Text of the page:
My Short Stories.

The House of Maynard.

The first dead body I ever saw belonged to Mrs Maynard.

Belonged?  That sounds stupid. The truth of the matter is, that when I saw it, it didn’t belong to anyone – not me, not you and certainly not to Mrs Maynard. How could it? Mrs Maynard was dead and she had no further use for it so, it certainly didn’t belong to her. No, if it belonged to anyone then it had to be to the tall, thin, miserable man in the black suit. The man who had come to take her away.

All these thoughts and more swam through my head as I gazed down on the old lady in the bed, who, to be quite honest I didn’t recognise until I heard someone mention her name. I was puzzled, confused and more than a little frightened. I was beginning to wonder why my mother had brought me to this place. To look at a dead person? If so, why? Was this another one of those weird grown-up things? Was this something about the necessity of facing up to the truth about life? Something to do with the health-giving qualities of not hiding behind statements like, ‘Mrs Maynard’s gone to sleep’. Or was this about inflicting enough trauma upon your innocent child to make him wet himself? After all, this was how me and spinach were introduced. Shock treatment. Green and horrible it suddenly appeared on my plate. Seems to have done the trick. I haven’t touched it since.

When I finally realised who the stiff was, I calmed down. I wasn’t frightened anymore, just surprised as to how different she looked in death. Younger for one thing. Her face had taken on a smoothness that belied her one hundred and fifty years. Ok, so I now know that she wasn’t and couldn’t have been one hundred and fifty years old but at the time I was a dumb kid, and kids, dumb or otherwise, live in a world of their own making. They use their imagination. They fantasise.

They exaggerate. They paint the world from a pallet of their own choosing. In short, they tell huge lies. And that was us. Me, Fat Freddy, Smells Warbutton and Four Eyes Phillips.

Me and the guys had decided some time ago that Mrs Maynard was the oldest person in the world. By our calculations she was somewhere in the region of one hundred and fifty years old. If you’re wondering how we came to this ridiculous figure, let me explain. Once, we’d spent a whole afternoon peering through her windows and following her on the street, all in an attempt to count the wrinkles on her face, after Fat Freddy told us that was how you determined someone’s age. When Smells Warbutton lied through his teeth and told us he had counted one hundred and fifty folds of skin, that was it, one hundred and fifty years it was. Whatever her age, we couldn’t have been far wrong because here she was, dead, and as I related my experience to the boys that evening, we agreed, only very old people die.

It’s a terrible admission to make but there was no sadness in us.  If I remember correctly, a short discussion ensued on whether or not there was life after death but that was all. The only other thing I remember was Smells Warbutton insisting that heaven was full of large naked ladies and fat flying babies. Oh yes, and Four Eyes Phillips declaring with the kind of certainty that I now associate with Christian fundamentalists,  that when he arrived in heaven he wouldn’t have to wear the thick ‘milk-bottle’ lenses that we’d all become so used to, but that was about it. No-one expressed the view that they were sorry to see her go or thought that we ought to pool any loose cash we had to send flowers.  Please, don’t get us wrong, it wasn’t like we were rejoicing or anything, I mean death is, well, death, and I guess, the closer you are or were to the deceased then the more it’s gonna hurt. We were a million miles away.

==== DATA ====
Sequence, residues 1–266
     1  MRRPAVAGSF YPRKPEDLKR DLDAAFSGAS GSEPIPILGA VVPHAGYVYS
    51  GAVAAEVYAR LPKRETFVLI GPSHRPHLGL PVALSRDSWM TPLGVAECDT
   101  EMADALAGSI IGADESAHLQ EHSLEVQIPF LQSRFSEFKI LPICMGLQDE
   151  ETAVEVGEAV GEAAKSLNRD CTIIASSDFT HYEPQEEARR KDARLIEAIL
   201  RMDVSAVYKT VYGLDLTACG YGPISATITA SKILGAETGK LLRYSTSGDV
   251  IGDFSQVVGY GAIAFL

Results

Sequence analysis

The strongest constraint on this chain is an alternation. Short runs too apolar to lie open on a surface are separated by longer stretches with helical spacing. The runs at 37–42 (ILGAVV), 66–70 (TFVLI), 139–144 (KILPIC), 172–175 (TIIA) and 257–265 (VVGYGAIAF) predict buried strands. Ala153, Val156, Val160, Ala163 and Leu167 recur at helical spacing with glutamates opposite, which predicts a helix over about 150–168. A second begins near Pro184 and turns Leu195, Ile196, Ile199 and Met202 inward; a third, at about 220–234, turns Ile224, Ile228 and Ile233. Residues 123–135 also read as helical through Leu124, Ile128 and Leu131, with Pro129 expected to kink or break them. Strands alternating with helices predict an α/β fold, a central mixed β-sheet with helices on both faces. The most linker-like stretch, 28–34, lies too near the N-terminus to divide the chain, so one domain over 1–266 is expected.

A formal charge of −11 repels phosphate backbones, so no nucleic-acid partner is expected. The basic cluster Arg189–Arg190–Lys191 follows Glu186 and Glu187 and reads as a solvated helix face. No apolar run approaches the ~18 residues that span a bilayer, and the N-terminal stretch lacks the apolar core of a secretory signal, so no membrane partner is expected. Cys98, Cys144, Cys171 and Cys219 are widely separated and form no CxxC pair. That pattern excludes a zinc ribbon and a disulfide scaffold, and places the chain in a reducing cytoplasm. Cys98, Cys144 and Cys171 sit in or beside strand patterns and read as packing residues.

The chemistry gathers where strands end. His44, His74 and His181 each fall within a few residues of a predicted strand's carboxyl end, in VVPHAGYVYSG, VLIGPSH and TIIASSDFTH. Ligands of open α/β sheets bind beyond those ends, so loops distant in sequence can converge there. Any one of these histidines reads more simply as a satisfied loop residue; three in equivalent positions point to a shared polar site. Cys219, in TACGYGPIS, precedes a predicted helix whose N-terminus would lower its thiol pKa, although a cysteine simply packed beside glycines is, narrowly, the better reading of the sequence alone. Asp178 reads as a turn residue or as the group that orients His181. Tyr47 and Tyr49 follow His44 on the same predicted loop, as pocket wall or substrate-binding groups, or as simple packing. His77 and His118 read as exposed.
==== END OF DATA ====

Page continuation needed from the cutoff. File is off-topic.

To be totally honest, Fat Freddie, Smells Warbutton, Four Eyes Phillips and me, were, I’m almost ashamed to admit, grief free. And I’ll tell you for why.

What me and the guys were experiencing is best described as a sense of relief. A good feeling that can only be compared to that inner buzz you got when Maisy Day tipped you the wink, nodded towards the waste ground behind the Polly’s Bar and you knew…you just knew…it was your turn. Yeah, that’s what it was, relief.

You see, and believe me when I say I mean no disrespect, Mrs Maynard played a part in our lives that was now, thankfully, gone for ever. What Mrs Maynard did, or, to be more precise, used to do, was our parent’s  knitting. This was how it worked.

In those days times were hard. Luxuries, and that includes food and heat, were thin on the ground. Day to day living was hand to mouth, no-one had any money and if you were lucky enough to find yourself unexpectedly at the correct end of an inheritance, legal or otherwise, you upped sticks and got the hell out of there. The lucky ones left before their dust did, and who could blame them? For us poor bastards that were left behind, the struggle continued. The name of the game was survival and the rules worked, as near as they could, on the ‘something for nothing’ basis, which, I have to make clear, did not include stealing (necessarily).  At least not from your own. If you stole from your neighbour then you were dead meat, no question. What we did was help each other out. True. We used our brains and looked to our own for answers to all those questions on the all-important subject of, ‘getting by’. Recycling for example.

Recycling was a skilful necessity in our neighbourhood, a long time before you folks  began separating your green and brown wine bottles. For us, much was made of discovering and exploiting the human resources and skills that existed within our own community.


If someone had a particular insight into anything that would benefit the neighbourhood as a whole, then it was harnessed immediately and used positively for the good of all. In Mrs Maynard’s case it happened to be knitting. Which she did, all of the time, day in day out.